For companies in the food industry, branding (trademarks, slogans, colors, packaging etc.) will be everything, so protecting it at all costs, even after registration, may be required. It is important that all food companies get some clearance on the brands and logos they are proposing to use before they put them into commerce in a particular country. This would require a search of trademarks that are on file before you in the country where you want to commercialize. A food company should also strive to get themselves on file with a Trademark Office first for superior rights and not rely on being the first to use their trademark in commerce which has limited rights!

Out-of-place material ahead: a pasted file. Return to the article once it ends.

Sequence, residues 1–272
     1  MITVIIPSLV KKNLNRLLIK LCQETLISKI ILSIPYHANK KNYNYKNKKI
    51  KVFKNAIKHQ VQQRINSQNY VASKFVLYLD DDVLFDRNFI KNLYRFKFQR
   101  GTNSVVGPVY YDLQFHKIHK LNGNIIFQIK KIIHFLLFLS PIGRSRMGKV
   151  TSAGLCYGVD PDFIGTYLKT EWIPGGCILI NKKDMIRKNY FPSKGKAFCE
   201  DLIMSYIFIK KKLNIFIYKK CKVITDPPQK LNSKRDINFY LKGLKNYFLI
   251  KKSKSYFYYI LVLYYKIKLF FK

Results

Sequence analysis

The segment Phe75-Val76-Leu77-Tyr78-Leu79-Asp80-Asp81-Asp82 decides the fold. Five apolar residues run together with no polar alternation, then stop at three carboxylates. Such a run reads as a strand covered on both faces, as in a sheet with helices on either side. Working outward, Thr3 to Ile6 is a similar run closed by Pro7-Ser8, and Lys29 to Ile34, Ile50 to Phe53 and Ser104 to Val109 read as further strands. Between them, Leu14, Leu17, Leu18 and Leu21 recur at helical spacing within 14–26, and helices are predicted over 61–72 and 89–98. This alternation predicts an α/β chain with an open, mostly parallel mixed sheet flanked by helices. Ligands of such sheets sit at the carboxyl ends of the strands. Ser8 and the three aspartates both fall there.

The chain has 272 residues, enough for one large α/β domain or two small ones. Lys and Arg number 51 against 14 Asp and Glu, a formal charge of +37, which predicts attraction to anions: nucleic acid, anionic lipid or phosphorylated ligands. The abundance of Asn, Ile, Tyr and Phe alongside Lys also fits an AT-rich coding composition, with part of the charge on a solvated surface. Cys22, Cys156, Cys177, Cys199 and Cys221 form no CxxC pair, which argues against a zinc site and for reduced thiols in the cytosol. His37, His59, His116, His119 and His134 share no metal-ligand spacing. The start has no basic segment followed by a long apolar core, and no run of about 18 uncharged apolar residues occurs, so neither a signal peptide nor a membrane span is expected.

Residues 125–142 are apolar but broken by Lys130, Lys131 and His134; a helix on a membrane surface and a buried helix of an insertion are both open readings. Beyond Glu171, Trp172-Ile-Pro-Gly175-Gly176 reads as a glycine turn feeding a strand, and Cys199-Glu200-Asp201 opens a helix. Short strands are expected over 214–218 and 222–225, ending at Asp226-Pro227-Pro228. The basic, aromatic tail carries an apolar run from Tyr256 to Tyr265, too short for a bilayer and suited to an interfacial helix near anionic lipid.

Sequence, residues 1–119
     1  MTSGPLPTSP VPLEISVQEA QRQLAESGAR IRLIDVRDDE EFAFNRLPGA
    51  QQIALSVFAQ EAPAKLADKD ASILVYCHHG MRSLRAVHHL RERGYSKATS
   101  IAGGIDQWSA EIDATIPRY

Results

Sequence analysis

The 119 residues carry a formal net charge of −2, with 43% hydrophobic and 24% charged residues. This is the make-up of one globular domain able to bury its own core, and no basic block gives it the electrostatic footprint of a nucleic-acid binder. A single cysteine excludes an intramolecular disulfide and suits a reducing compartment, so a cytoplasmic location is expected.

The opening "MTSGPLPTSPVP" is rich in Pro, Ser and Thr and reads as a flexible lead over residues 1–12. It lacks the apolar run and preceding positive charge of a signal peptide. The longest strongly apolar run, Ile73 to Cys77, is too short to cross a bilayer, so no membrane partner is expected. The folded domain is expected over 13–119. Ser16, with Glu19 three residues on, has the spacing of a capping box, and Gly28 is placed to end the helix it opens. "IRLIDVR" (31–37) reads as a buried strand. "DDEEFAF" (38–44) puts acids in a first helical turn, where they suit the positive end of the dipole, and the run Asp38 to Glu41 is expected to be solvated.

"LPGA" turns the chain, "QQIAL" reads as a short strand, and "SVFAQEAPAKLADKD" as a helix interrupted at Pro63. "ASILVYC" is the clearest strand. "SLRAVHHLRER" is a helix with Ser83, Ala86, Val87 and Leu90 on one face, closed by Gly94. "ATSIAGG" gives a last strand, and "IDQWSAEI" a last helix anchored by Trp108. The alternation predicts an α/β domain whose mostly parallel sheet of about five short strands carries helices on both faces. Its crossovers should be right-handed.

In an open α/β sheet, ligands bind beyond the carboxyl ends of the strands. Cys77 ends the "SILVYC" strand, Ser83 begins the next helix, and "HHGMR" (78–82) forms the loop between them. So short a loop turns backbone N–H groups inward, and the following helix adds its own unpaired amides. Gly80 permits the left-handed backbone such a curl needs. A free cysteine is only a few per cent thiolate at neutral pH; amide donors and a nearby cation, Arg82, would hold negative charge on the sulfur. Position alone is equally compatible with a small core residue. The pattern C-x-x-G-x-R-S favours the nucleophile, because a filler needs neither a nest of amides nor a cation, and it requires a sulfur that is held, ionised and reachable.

What is copyright?
A copyright is the protection a creator gets to the expression of one’s ideas that are fixed in tangible medium and which are original. For example, song lyrics written on a piece of paper, audio visuals on a cd or film reel, a painting on a canvas, etc. A copyright is an automatic intellectual property right that vests in the creator of a work and for a fee, the creator or owner of the work can register it with the Copyright office in your particular country. The rights of copyright last for the creator’s life plus an additional 70 years. The copyright rights include: the right to stop others from copying the work, displaying the work, performing the work, making a derivative work of the work by altering the work, or publishing the work. For companies in the food space, copyright protection over your website design, marketing and social media content and other creative works will become a valuable asset to your IP portfolio.